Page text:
Contact Clippings

  • Email Grass Clippings - Email the Grass Clippings Team

    Telephone: 0871 234 3480

    Fax: 0871 234 3481

    GMT Office Hours Only

Our Details

Our Partners

« How to cure your dog from burning the lawn with Urine | Main | Get turfcare qualifications on line »

When should I cut my grass?

First_cut_of_the_lawnWe have been noticing on our search stats that a lot of the queries relate to the timing of the first grass cut of the season.

I am not sure if the searcher is actually expecting to get a result with a specific date when the lawn comes to life. The answer to the question is - There is no set time or defining moment when you need to get onto your lawn.

No two lawns are the same and no two gardens, even if they are side by side, are the same so it follows that any advice given here may well be appropriate for one lawn owner and not for the next.

To circumnavigate the question slightly, it is probably best to give a little check list of what to look for and how to gauge the timing.

Grass will grow all through the year and that includes the winter. The severity of the winter and the temperature will dictate the rate of growth and it naturally follows that temperatures of below freezing for a prolonged period will determine pretty much zero growth whilst temperatures in January of double digit numbers will see the leaf blade shrug off the winter blues and add a little growth.

You will really have to be the judge and jury. The general advice, and this is still determined and influenced by many factors, is if you decide to set your winter grass length at 25-40mm and the grass grows beyond the limits that you have set, then the grass can be cut.

Avoid cutting in the winter if the surface is either saturated or frozen but after a decent drying day it is safe to run the mower over the lawn.

Never take more than one third of the leaf blade at any one time (good advice that is relevant at any time of the year) and if for any reason the grass gets away a bit then take two or more cuts, reducing the height each time, until you are back to the required length.

Certainly cutting the grass frequently will remove any dangers of shock later in the season. I have been witness to many a distressed lawn in the spring time when the owner has decided to take all 8 inches of growth off in one foul swoop.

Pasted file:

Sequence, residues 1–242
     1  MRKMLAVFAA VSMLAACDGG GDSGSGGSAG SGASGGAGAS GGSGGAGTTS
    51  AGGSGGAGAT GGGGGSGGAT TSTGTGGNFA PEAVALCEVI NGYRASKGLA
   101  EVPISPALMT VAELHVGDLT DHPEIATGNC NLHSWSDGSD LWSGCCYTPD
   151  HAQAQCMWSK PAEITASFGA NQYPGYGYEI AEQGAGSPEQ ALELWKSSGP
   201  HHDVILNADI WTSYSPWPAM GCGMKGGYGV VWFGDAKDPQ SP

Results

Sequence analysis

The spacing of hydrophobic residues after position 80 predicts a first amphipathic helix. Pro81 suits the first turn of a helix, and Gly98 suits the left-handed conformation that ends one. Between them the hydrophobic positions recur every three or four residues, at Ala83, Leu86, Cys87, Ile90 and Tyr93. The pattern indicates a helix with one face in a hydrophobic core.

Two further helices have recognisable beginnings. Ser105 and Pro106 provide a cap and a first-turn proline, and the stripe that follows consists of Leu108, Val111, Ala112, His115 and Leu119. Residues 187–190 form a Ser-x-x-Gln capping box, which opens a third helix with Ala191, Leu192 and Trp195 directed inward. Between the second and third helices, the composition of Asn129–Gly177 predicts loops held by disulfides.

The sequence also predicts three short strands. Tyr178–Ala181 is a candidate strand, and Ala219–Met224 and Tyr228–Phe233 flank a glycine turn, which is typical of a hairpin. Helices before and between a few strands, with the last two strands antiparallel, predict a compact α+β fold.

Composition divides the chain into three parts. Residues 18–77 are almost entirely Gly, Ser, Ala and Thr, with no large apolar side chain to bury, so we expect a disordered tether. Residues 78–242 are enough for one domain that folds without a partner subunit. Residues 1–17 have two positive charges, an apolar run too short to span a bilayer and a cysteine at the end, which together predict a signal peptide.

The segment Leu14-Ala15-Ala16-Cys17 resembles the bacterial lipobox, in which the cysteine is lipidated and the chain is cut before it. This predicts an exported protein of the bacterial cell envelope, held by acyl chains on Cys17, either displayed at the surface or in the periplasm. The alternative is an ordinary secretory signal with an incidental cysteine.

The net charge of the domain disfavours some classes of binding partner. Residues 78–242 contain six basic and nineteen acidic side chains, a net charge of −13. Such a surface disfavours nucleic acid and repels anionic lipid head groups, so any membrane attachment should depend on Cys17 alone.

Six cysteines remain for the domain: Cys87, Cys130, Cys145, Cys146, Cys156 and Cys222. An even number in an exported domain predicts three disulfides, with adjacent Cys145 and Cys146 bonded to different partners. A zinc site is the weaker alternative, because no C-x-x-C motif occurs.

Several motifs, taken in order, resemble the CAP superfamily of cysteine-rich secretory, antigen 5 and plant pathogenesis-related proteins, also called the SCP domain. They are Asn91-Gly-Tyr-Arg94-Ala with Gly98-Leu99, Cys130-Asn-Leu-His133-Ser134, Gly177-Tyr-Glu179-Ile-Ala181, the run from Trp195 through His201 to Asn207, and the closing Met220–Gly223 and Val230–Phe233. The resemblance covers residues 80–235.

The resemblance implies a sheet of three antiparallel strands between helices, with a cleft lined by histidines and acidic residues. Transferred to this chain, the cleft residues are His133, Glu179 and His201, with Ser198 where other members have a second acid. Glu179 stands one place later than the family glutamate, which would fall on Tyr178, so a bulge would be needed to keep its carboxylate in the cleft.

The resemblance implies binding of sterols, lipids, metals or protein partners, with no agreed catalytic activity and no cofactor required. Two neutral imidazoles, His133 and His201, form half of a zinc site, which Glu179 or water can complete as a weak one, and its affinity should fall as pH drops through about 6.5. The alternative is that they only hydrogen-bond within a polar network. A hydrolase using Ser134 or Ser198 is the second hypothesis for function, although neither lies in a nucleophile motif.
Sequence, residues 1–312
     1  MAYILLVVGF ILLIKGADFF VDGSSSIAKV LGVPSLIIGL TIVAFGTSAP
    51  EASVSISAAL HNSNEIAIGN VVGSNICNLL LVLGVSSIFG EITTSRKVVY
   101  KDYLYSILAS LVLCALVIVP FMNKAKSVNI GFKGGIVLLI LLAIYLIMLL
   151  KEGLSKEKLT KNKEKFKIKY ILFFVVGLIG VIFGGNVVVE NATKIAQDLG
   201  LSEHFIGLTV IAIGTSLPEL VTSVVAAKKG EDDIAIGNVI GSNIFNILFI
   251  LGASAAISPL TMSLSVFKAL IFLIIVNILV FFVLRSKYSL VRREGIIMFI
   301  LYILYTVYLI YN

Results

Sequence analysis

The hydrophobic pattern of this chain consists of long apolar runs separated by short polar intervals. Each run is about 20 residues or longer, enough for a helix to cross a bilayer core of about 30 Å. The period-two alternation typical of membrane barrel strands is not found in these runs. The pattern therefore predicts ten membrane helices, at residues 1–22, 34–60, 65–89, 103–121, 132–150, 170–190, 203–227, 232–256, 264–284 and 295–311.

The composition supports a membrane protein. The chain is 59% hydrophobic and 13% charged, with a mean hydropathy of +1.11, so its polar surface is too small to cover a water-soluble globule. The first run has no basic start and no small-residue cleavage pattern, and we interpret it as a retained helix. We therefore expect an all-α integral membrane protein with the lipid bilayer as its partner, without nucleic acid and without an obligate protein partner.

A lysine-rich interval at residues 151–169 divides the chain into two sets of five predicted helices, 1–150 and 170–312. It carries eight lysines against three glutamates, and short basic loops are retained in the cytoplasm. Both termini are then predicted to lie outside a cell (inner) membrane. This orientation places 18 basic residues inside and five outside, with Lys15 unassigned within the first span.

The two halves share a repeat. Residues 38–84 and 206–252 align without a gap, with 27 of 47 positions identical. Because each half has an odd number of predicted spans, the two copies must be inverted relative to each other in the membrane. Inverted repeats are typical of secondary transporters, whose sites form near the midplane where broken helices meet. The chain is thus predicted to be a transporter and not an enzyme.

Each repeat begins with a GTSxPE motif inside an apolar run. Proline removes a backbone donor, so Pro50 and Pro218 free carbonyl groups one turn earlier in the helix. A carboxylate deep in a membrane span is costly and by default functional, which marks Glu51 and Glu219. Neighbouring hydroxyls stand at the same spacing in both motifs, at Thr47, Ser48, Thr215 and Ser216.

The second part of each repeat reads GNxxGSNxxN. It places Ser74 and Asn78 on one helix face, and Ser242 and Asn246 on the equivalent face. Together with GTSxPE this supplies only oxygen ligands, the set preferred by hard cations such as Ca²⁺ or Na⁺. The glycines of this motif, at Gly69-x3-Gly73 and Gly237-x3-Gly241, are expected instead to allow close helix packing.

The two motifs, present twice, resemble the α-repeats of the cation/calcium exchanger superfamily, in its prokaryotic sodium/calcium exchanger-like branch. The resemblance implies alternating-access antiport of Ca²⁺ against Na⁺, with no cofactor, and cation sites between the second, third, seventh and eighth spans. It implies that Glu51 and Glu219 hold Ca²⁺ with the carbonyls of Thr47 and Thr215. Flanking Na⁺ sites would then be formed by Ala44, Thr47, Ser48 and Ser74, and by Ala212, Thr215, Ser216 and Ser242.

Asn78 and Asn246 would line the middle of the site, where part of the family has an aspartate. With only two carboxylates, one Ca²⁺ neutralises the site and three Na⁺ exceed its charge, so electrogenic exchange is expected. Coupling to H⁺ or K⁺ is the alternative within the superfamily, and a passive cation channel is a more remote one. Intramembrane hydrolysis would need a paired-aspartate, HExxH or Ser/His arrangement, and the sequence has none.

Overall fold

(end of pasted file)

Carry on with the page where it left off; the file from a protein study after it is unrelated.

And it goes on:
The dangers of cutting so much off in one go are several. Firstly, a shocked grass plant will spend a period of convalescence and become insular as it recovers. In this time, moss, weeds and undesirable grass species may infiltrate and start to colonise leading to competition and eventual exclusion of the desired grass.

In turn, you will probably be faced with an expensive over seeding or turfing exercise to get your garden back on the right track.

The old saying, 'a stitch in time, saves nine' is probably a good one so little and often and before it becomes a problem are good rules.

Enjoy your lawn and have a good season.

TrackBack

TrackBack URL for this entry:
http://www.typepad.com/services/trackback/6a00d83536153e69e200e5500cd12b8834

Listed below are links to weblogs that reference When should I cut my grass?:

Comments

Feed You can follow this conversation by subscribing to the comment feed for this post.

roybert

This year I will be making the first cut in Feb as the grass has grown in patches so plan to just trim.

Thanks for the great piece of sharing. I have already bookmarked your blog for future references.

Tom

I know this is old and I search on google i found your site.

I am from NY and plan to cut my grass this weekend not sure is safe or not. The reason i want to cut the grass because i want to spread crabgrass preventer. The temperature is around 50 degree. Do you think its safe to cut?

Reply - thanks for your reply. Mow it now, but not too low first mowing session. Good luck!

clare wright

hi i rotavated and completely started again with my lawn a year ago last september, i used seed without rye grass, this will be the second spring and it is really lumpy and a bit dry looking in patches, allot of looks as though it has died, i dont want to have to start over , how do i get it to being a lovely lawn and how do i get the bumps out?????

Reply - The autumn and winter has been quite dry and worm casts may be causing the bumps. I would search the blog and type in 'Lawn Renovation' and read a technical post that starts 'I am often asked by clients...' and follow the flow chart of the lawn renovation process.

golf course fertilizer runoff

I suggest you cut the grass once a week.

Reply - yes, we agree!

Dan

Cut it only on a thursday at 10:17am

Reply - thanks for your comments - glad you noted the precise time!

John Nelson

I recently had the lawn returfed about one month ago. It is getting quite long but I am reluctant to cut it until I get a completely dry day. Any ideas or comments.

Reply - pick a nice windy day. No more than 25% of the growth off in any one mowing session. You could try just taking the tip off and them do it again in a few days after. Just remember to keep it cut if conditions permit throughout the autumn - spring. It will not stop growing!

Post a comment

Comments are moderated, and will not appear on this weblog until the author has approved them.

If you have a TypeKey or TypePad account, please Sign In.

Lawn Technical Pages

Common Lawn Problems

Buy Lawn Products

Other Gardening Sites

Weed Control

  • Weed Free Contract Pesticide Application Services and Weed Control in Amenity Turf

    The Lawn Company Professional Lawn Care Treatments, Lawn Care Products and Advice

Turf Industry Sites

Weather

  • Metcheck - detailed UK weather including seven day forecasts

    Met Office - UK Meteorological services